Friday, August 29, 2008

Understanding vs. Believing

A long time ago, my democratic/Yankee/agnostic/liberal good friend David Jackson talked about how he wanted fundamentalist kids to understand evolution but not believe it. I'm wondering if that should be my message to teachers, and I would appreciate feedback on the idea.

I've been searching for a central message. People ask me about my book, and after a couple of minutes of me talking, their eyes usually glaze over. I know that this is a tough topic, and I know it's threatening to a lot of people. That's one reason why I'm looking for a nice, terse message. I like elevator statements, and I've been trying different ones out when people ask about how the book is going. None of my messages have worked well thus far. Maybe this one will.

I've always admired David for how his goal of understanding, but not believing, didn't require religious students to change their core beliefs. He has always been very strong about how belief change is the wrong thing for a science teacher to target. Coming from someone who trained under Stephen J. Gould, his sensitivity on this point is something I really appreciate, and it's something that surprises people when I tell them about David's worldview. Until now, though, I've wanted more for religious students. I know that a disbelief in evolution will hamper future biologists and geologists; they have to be able to work within those fields where evolution is treated as fact. Although I still see that believing may be important for future scientists, I'm now realizing David's wisdom when we're talking about teaching all the students in a classroom.

I think this message could bring a lot of clarity to science teachers and to students studying evolution. What's the goal? Students need to see the evidence for evolution and understand where it came from and why it's reliable. Students need to understand how scientists explain the evidence using the theory of evolution as a natural explanation of how life on Earth came to be. If all students in a biology class understood those two things, the evidence for and the scientific explanation of evolution, I would think their teacher had worked a miracle!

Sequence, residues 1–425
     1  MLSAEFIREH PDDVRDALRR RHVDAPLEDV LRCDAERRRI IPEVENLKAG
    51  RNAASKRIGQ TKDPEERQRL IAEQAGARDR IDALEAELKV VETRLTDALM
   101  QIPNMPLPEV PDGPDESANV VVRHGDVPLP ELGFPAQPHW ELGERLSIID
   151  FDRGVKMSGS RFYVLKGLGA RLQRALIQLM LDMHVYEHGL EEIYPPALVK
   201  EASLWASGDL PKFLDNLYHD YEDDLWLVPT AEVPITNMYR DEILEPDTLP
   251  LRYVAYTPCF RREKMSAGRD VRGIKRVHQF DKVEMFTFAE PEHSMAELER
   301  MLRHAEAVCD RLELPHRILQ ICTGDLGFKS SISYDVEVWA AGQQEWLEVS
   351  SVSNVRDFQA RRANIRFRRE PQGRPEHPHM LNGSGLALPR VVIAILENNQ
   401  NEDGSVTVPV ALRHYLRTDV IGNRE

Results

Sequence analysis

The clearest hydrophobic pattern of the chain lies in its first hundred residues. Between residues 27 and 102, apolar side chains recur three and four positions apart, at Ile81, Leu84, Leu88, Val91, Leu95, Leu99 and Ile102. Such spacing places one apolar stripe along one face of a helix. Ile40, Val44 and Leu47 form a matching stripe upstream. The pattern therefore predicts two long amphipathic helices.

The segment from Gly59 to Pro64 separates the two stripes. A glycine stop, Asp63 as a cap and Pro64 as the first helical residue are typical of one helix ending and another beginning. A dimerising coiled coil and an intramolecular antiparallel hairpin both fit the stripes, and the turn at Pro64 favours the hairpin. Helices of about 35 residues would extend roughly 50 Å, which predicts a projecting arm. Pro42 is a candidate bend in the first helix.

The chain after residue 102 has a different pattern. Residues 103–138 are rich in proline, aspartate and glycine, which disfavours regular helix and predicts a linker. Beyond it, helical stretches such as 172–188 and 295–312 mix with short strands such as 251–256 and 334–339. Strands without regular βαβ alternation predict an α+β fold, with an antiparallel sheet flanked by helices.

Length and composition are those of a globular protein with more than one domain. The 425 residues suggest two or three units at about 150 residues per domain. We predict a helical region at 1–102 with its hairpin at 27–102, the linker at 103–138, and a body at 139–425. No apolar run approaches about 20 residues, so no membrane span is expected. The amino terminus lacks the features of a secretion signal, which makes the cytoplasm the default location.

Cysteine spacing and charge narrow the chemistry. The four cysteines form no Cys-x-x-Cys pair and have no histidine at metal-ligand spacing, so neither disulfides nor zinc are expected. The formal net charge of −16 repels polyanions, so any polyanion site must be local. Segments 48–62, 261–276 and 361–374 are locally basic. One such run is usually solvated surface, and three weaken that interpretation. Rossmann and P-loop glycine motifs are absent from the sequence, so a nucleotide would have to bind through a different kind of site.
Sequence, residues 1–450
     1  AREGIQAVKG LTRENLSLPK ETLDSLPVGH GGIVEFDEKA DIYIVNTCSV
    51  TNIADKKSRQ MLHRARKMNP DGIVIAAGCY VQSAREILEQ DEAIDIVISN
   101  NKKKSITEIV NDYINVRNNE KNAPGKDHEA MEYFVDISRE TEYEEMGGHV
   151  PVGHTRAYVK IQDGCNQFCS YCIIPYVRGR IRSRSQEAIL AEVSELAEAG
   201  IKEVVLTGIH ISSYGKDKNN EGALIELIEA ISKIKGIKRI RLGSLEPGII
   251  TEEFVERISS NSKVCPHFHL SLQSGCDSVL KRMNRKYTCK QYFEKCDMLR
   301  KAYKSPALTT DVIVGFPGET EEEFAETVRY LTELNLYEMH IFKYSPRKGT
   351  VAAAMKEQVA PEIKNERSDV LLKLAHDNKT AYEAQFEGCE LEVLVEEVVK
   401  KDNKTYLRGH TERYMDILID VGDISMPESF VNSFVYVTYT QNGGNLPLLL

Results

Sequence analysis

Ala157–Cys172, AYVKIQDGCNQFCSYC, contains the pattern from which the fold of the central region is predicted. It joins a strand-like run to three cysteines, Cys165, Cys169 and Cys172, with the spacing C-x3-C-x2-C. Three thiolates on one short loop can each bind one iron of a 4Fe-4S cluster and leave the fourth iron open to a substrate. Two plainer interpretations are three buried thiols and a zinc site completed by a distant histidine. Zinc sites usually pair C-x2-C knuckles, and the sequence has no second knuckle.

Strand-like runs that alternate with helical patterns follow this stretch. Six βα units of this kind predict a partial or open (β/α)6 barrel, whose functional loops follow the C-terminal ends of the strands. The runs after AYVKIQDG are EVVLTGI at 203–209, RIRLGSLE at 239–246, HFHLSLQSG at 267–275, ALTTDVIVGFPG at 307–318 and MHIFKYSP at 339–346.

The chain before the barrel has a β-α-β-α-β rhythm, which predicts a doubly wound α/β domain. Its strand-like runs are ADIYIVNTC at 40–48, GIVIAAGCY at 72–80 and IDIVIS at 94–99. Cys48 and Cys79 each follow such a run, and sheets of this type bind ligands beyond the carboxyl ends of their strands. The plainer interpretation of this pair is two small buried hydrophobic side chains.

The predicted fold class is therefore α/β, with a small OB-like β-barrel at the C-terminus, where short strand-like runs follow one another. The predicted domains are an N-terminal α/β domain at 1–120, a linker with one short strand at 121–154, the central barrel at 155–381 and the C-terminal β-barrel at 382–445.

They wouldn't have to believe that life evolved on Earth without supernatural intervention. They wouldn't have to believe in macroevolution. They wouldn't have to even believe all of the evidence they had seen in the unit. If they stayed engaged in learning, realized that evidence for evolution exists, and that scientists explain the evidence without using religious arguments, that would be very successful teaching of evolution in classes with religious kids. 

So, I'm really liking this message. "What's your book about, Lee?" Well, it's about teaching evolution so that religious kids understand it, but don't have to believe it.


Chris Morrow said...


I think your elevator statement is descriptive and disarming. I'll put it to memory.


Anonymous said...


I think that is a great statement. It is important for all students to understand and be able to thinkers on evolution no matter if they choose to accept/believe it or not.


Lee said...

OK. That's 2 votes for the elevator statement and the focus behind it. I'm glad you both like it, and I'll be interested to hear what others say.

JNoah said...

So, are you going to present evolution as a fact and then say, "You can believe it or not"? (Similar to the way a Christian would present the gospel message to someone.) Or, are you going to say something like, "Given this reliable evidence, this is the conclusion evolutionists have come to"?

Lee said...

More of the latter, except that the word "evolutionist" is something scientists don't use. That's a creation of the ... uh... creationists. You might have an evolutionary biologist, but not an evolutionist.

I would want kids to know that the scientific community treats evolution as a fact. But, individual scientists may or may not see it as a fact. Plenty of scientists are religious and believe in a Creator. So, sort of like you said, "This is the conclusion that science has come to based on lots and lots of reliable evidence."

JNoah said...

Lee: thanks for the lesson on verbage! Seriously, that's helpful, and I want to be as accurate as possible. So says the product of a creationist upbringing!

Lee said...

JNoah: Glad that helped. I don't have any problem at all with creationsists, as long as they're willing to look at the evidence. It's the head-in-the-sand thing that bothers me.